Parents can make their own Candy Land board game for small children. It is an easy game for children and helps them increase their color recognition and naming skills. The game may also help children count squares. It can be modified to any theme and any candy. If a child has a favorite TV character, incorporate that character into the game as an added theme. Encourage children to learn how to be gracious winners, while also learning that it's okay to lose at board games.
Cut the colored sheets of construction paper into squares. Make 22 squares of each color except for the pink. Cut 6 small squares from the pink paper.
Make a path with the squares of color starting with red, purple, yellow, blue, orange and green. Start the sequence over again. There should be 6 pink squares interspersed along the path. Glue the squares to the cardboard or poster board.
Create 5 or 6 different candy realms for the board. Use ideas from the actual game including Lollipop Woods or Gumdrop Mountain, or make up your own lands like Pop Rocks Falls or Chocolate Mountain. Use pictures from magazines or draw them on the board.
Add one small rainbow between two portions of the path to make a shortcut for a lucky player. Make the rainbow path near the beginning of the path.
Create a deck of cards with construction paper. The color card tells the player which color square to head to next. Also make a card for each candy realm you created. When a player picks that card, they can go directly to that realm.
Cover the board with clear laminate to protect it. Use any game pieces to play the game with children.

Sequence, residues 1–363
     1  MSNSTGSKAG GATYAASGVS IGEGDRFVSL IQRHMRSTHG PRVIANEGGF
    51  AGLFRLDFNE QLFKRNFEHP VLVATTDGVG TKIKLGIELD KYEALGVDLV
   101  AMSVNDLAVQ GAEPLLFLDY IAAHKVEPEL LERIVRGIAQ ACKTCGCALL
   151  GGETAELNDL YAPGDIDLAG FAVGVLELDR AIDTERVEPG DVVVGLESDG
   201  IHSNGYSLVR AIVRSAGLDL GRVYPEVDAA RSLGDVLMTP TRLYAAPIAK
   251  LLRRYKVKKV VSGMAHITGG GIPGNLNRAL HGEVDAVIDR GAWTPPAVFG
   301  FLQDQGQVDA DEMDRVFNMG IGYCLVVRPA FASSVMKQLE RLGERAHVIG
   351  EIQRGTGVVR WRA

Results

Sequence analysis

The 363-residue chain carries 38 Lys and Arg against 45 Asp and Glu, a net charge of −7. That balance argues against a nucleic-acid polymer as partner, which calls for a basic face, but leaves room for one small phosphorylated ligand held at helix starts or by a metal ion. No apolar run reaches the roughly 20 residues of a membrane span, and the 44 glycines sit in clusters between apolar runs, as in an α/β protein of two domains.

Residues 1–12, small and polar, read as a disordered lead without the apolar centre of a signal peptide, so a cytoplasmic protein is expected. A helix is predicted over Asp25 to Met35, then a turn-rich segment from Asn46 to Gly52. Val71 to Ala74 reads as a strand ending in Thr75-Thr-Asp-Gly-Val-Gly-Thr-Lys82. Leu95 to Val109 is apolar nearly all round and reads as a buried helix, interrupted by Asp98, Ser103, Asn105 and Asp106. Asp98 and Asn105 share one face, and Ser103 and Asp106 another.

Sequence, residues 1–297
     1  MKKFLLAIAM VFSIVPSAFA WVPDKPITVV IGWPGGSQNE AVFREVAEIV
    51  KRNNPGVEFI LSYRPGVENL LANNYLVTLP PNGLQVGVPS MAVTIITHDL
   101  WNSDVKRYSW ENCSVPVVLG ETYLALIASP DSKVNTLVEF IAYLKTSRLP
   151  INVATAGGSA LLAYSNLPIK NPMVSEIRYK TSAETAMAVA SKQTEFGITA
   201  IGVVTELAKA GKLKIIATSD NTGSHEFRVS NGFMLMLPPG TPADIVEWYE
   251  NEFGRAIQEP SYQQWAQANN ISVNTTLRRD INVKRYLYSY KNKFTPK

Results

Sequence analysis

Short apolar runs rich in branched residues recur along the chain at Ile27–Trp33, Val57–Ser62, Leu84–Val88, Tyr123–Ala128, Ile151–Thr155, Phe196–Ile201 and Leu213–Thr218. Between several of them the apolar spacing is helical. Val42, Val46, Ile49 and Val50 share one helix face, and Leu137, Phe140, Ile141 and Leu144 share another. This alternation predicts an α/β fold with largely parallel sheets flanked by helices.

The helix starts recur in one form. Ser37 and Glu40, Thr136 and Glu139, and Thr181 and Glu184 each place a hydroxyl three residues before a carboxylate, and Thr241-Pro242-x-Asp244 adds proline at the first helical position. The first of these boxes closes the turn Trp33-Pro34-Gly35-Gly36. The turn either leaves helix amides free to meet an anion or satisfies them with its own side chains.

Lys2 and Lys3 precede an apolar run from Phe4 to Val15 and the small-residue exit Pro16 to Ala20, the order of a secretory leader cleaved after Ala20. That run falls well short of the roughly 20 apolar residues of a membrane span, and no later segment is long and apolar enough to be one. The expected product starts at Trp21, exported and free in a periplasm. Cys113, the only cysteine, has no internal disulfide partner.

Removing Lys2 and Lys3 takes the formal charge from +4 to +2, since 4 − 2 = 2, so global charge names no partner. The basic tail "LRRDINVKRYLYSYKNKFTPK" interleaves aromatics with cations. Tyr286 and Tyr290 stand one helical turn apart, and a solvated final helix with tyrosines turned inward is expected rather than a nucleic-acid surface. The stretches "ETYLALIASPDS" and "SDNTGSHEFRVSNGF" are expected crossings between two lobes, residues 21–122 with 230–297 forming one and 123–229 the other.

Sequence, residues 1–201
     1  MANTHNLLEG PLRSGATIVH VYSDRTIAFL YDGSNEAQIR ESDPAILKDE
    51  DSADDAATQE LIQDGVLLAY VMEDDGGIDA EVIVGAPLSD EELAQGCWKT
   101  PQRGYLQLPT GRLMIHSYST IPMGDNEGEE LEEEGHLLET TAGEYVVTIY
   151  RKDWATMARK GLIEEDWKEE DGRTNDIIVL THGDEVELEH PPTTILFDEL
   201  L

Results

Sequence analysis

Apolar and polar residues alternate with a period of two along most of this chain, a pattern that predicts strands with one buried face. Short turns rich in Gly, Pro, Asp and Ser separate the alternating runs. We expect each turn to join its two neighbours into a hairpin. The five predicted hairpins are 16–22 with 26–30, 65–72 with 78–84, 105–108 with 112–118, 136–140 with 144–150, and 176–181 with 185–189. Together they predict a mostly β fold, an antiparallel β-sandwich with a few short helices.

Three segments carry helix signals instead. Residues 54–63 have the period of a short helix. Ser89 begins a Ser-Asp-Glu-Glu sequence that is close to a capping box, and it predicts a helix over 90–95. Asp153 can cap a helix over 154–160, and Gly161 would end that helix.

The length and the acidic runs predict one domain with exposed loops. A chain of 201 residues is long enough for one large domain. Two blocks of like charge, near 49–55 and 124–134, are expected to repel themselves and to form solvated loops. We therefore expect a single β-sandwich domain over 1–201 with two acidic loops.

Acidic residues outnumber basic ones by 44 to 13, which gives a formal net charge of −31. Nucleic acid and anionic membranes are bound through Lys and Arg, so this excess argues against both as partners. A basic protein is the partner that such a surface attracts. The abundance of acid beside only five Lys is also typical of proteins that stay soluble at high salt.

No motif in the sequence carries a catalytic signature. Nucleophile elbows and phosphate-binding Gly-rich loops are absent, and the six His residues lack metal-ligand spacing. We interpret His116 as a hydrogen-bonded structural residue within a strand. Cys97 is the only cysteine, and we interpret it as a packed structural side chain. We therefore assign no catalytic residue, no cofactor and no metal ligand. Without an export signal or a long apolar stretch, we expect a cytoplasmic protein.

Things You'll Need
- White poster board or large cardboard
- One sheet each red, purple, yellow, blue, green, orange and pink construction paper
- Pictures or drawings of favorite candies and treats
- Clear laminate
The pink squares will be used to make special stops on the board. Modify the game for children who are learning to count, by adding numbers to the colored square playing cards.
This game can grow tiresome for adults.
- The pink squares will be used to make special stops on the board.
- Modify the game for children who are learning to count, by adding numbers to the colored square playing cards.
- This game can grow tiresome for adults.
Pam Gaulin is a content specialist and copy writer whose clients have included Reebok, Zappos.com, Walmart, Butterfinger, Ball Park Franks, Modern Mom, McCormikc, Equifax, Transuion, Walmart, and many other notable brands. Her previous positions include editor of "Web Site Source Book," project leader for a K-12 database, business writer for a newsletter publisher and Happenings editor for "The Valley Advocate." Gaulin holds a Bachelor of Arts in journalism from the University of Massachusetts.